Keeping in Mind Historical Context & Facts

The “integrative medicine” initiatives in America actually welcome more new “old” ideas about nutrition, whole-patient care, spirituality in medicine, and the danger of excessive reliance on pharmaceuticals. The Academy of Integrative Health & Medicine (AIHM) is a case in point. The rise in new codifying knowledge signaled by terminology such as “functional medicine” and “holistic medicine” is unstoppable because of the insistence on data and outcomes. This complex terrain makes more sense if we make the effort to investigate what’s new, keeping historical context and facts in mind. Surprisingly, what seems new may not be new at all, though – just new to certain groups. Despite the exasperation of biomedicine assimilating without apology treatment protocols long protected by naturopathic medicine, let’s do the history to figure out what can be done going forward.

The word “history” comes from the Greek istor, meaning “eyewitness.” We often study history using a rear-view chronology, perhaps too often habitually assessing outcomes in terms of present status. When we calibrate our current tools for health from that perspective, though, we risk missing the facts before us. For example, there is little broad discussion or debate about disease caused by medical treatments, even though the numbers in the tens of thousands are outrageously and unacceptably high. Why the silence? As well, there is veiled understanding of the types of illnesses that were fatal a century ago, compared to today’s statistics. Yet, well documented juxtapositions (historical, current) are illuminating.

Seeing no end in sight, sometimes contemporary naturopathic doctors often experience an ennui that they may have to give up precious values and principles from their past to have a place in the present. They will not go the way of the osteopathic profession whose educational and professional practice certifications and accreditation are subsumed within the orthodox MD agencies for these processes. The forces in play from biomedicine affect their confidence and strategic direction as they confront current historical shifts, reminiscent, in fact, of similar pressures a century ago. As everyone steams towards 2020, a look at how we have understood our own particular history is critical if we are not to repeat it. It is not a revisionist goal that contemporary historical scholars want to encourage. Rather, it is a clarifying intention which motivates, to see again, as if for the first time, what we have been doing during the last 12 decades to establish an alternative path to reductionist medicine. Even though Aristotle declared that history ranked below poetry and tragedy, a quick snapshot of the literature of our medical history, coupled with a parallel look at the structure of that history, can provide useful insights into what we should be doing next.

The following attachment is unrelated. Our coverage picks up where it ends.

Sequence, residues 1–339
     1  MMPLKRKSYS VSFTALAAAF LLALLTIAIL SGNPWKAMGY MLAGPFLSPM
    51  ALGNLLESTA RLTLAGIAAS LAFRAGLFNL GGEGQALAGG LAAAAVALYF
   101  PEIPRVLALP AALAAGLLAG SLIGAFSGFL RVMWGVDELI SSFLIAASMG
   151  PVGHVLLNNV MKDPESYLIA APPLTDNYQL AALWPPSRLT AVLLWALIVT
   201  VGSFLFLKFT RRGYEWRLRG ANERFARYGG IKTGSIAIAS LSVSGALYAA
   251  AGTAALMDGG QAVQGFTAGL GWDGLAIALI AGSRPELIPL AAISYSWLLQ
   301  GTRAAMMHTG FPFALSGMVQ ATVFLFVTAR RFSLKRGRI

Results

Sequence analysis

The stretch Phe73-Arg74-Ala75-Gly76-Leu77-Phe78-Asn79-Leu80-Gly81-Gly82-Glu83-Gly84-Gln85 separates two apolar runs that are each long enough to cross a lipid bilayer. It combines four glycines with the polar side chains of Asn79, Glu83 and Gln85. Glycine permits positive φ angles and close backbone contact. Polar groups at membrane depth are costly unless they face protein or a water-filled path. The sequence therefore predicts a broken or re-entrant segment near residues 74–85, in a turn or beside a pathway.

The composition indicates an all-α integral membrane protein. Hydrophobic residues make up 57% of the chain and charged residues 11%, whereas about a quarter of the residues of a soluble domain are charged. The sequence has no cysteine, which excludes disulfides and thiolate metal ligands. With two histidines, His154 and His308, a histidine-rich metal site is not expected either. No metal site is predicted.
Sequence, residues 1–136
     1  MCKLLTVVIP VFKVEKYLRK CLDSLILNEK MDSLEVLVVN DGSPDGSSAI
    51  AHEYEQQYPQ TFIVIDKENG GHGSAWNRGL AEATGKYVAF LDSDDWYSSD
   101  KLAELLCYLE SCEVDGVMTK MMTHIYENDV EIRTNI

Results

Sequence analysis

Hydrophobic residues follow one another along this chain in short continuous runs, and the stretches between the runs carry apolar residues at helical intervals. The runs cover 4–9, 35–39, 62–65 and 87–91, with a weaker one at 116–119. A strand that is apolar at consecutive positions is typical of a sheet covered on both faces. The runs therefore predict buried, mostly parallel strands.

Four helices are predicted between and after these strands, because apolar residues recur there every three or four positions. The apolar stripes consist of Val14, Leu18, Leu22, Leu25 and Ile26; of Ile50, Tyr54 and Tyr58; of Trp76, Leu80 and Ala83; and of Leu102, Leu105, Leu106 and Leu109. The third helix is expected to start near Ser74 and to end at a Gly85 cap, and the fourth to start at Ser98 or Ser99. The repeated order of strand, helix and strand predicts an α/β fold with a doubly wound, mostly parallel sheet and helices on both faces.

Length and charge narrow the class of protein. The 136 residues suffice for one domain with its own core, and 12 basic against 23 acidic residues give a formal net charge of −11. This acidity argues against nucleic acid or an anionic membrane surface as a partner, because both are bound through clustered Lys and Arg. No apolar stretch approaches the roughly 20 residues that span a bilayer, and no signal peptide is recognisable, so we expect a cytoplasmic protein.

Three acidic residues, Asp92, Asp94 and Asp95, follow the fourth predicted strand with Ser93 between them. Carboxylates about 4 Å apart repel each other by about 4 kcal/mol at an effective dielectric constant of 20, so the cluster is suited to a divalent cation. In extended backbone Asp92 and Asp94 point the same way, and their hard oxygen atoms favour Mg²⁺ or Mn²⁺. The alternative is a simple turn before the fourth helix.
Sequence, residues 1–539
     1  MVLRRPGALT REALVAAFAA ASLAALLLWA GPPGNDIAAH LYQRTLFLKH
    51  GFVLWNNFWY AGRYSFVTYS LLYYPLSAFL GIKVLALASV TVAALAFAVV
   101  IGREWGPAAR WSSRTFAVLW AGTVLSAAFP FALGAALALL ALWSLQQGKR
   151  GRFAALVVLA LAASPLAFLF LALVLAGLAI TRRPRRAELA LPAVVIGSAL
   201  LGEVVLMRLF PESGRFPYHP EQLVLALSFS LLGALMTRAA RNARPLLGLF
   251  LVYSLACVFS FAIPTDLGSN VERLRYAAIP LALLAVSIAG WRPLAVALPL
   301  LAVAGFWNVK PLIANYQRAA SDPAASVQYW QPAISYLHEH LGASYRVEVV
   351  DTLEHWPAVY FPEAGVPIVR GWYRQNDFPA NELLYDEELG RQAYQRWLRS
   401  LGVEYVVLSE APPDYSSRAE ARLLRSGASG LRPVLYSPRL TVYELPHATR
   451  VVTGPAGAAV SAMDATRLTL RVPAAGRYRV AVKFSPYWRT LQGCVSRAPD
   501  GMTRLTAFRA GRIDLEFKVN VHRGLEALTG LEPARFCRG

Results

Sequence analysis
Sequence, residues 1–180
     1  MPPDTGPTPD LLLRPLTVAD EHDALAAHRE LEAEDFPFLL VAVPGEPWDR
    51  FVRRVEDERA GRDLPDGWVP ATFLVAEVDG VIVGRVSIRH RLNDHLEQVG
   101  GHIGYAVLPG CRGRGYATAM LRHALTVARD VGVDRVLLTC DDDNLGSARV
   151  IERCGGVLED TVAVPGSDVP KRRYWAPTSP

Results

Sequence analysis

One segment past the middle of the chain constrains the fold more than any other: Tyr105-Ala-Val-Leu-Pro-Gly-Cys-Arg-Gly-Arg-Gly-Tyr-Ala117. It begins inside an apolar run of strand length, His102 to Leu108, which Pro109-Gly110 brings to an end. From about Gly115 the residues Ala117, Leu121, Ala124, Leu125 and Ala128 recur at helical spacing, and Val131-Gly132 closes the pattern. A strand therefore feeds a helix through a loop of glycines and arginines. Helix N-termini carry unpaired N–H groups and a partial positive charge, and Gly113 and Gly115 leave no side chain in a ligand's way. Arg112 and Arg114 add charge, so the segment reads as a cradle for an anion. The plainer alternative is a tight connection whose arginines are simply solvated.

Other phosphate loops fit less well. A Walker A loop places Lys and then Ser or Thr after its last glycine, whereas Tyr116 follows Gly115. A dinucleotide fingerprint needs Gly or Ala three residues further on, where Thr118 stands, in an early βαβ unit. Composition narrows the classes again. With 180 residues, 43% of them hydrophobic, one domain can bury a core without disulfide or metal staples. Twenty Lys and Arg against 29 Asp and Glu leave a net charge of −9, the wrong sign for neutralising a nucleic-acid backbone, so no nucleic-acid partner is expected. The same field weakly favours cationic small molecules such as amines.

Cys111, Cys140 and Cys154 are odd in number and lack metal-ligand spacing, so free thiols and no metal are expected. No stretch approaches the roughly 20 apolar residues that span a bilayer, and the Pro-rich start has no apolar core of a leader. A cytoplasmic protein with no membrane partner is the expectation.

In the high-stakes professional playing field of healthcare delivery, we risk needlessly reinventing wheels. Recent allopathic discoveries in nutrition are not news to the elders of naturopathic medicine. New understanding of the links between gut health and the brain is old wisdom in the naturopathic profession. As time passes, and the tensions and emotions which affected judgment and action at one particular time dissipate, we risk becoming fuzzy about how we got to our present circumstances, about where we have been, and about why we sought the path we did. Contemporary historical scholarly inquiry, however, is increasingly multi-dimensional and nudges us to have a closer look at those “how’s, where’s and why’s.”

A quick look at the work of key historians such as Mészáros, Schmidt, and Toynbee can help us get perspective on awkward questions such as the underlying simmer of unfair competition from biomedicine, so evident in the lineup of testimony in the Alaska hearings, for example. Complicating the efforts of North American naturopathic medicine leaders to achieve recognition (translate: political legitimacy, making a living, social closure) is that holistic and reductionist practitioners alike yearn, like every small stream for an imagined faraway sea, for a time when respect for choice was less carved up by very big dollars, political entitlement, public policy, and regulatory red tape.